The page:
REDUCING LOSS

According to AAFC, P. sojae causes approximately $50 million of soybean yield loss in Canada and global losses between $1 and $2 billion annually.

“Many strategies have been developed to combat the disease, however, these methods have proven ineffective in the long term. A more cost effective and durable approach is to select a trait naturally found in soybeans that can increase resistance,” says Dhaubhadel.

Phytophthora stem and root rot disease is mainly managed through breeding for resistance, which can be achieved through single or multiple gene resistance. Single gene resistance is an effective control measure that provides complete resistance if growers know which races of pathogen are present in their soybean field. However, pathogen changes over time make the resistant cultivar susceptible to P. sojae. Quantitative or partial resistance is governed by multiple genes, each with minor effects. Quantitative resistance is more durable, able to provide protection against diverse races of pathogens, and is not easily broken over time.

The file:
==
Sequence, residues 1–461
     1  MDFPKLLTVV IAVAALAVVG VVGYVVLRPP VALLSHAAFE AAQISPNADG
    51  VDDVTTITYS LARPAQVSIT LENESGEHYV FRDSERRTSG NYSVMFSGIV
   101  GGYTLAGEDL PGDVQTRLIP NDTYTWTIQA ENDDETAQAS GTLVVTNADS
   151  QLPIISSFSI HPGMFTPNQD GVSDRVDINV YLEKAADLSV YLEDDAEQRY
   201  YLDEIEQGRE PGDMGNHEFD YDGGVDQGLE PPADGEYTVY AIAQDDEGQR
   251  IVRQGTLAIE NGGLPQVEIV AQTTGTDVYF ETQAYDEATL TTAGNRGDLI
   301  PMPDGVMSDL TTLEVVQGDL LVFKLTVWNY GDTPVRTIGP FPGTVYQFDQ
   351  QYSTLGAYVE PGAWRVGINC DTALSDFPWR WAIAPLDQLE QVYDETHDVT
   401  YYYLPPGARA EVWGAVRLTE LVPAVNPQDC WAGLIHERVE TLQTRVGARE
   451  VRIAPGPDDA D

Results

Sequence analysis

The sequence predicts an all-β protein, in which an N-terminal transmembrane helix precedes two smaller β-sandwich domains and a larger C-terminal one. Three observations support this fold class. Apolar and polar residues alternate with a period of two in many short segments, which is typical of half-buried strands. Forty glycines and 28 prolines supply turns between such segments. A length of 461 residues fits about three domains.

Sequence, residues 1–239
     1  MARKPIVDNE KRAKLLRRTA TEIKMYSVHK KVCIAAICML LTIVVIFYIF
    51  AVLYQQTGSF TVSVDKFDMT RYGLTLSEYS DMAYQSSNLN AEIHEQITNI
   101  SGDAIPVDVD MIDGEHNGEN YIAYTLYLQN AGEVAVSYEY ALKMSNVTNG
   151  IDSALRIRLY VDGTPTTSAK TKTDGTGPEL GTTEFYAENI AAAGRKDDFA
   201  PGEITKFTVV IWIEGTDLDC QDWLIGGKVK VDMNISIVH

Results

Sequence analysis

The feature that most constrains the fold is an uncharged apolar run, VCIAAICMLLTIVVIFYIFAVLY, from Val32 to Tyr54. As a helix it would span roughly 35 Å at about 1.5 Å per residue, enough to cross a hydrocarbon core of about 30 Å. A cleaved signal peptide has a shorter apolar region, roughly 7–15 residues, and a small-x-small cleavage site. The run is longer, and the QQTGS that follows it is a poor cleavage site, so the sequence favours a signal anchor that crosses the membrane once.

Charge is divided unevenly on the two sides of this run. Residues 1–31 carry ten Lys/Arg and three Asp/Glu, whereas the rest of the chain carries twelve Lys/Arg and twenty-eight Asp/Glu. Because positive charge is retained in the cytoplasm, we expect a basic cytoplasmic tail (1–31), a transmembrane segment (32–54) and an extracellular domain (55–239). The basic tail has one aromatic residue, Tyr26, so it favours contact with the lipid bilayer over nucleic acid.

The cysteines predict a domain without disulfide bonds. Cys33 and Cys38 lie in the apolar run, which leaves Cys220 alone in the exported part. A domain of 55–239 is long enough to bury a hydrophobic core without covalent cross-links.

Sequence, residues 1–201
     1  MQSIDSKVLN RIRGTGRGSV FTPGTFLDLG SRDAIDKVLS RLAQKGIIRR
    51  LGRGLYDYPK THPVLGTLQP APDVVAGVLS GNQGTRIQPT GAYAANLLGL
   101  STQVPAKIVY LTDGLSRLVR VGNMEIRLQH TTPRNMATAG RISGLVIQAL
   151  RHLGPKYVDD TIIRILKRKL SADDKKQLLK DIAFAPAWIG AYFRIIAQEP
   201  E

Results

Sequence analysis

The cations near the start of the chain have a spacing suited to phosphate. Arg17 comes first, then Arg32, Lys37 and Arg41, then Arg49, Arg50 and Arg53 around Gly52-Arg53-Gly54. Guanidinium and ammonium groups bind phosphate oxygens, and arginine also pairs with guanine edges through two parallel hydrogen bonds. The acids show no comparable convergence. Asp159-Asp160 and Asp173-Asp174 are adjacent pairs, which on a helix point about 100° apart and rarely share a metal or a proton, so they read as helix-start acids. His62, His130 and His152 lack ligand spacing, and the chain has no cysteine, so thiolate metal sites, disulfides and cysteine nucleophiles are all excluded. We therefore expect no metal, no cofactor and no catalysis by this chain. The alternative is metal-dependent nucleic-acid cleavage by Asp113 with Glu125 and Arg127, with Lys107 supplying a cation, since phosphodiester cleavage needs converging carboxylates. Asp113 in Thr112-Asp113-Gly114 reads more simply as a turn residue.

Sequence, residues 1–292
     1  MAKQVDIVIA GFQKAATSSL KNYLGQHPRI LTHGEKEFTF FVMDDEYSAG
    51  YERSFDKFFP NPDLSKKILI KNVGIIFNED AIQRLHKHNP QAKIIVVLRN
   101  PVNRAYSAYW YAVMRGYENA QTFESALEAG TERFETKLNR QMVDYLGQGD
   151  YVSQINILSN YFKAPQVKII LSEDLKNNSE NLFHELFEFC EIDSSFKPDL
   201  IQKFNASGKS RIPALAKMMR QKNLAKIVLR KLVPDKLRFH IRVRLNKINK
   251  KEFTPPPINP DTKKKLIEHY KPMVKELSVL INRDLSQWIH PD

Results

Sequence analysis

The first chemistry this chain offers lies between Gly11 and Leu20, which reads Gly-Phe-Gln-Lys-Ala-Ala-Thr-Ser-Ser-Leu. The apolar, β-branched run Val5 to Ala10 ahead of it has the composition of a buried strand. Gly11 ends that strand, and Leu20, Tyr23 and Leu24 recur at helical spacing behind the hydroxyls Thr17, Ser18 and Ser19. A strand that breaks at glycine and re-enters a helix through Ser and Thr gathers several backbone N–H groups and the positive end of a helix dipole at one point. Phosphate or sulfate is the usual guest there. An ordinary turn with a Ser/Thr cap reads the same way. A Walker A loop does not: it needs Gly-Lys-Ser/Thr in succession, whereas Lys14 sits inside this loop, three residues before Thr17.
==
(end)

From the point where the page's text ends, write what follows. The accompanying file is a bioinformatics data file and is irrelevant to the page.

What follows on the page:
To aid in resistance against P. sojae, soybeans produce the isoflavonoid glyceollin which confers partial resistance against disease. Identifying the key genes involved in the synthesis of glyceollin in soybean will help in breeding resistant cultivars.

And that’s what Dhaubhadel’s research has done.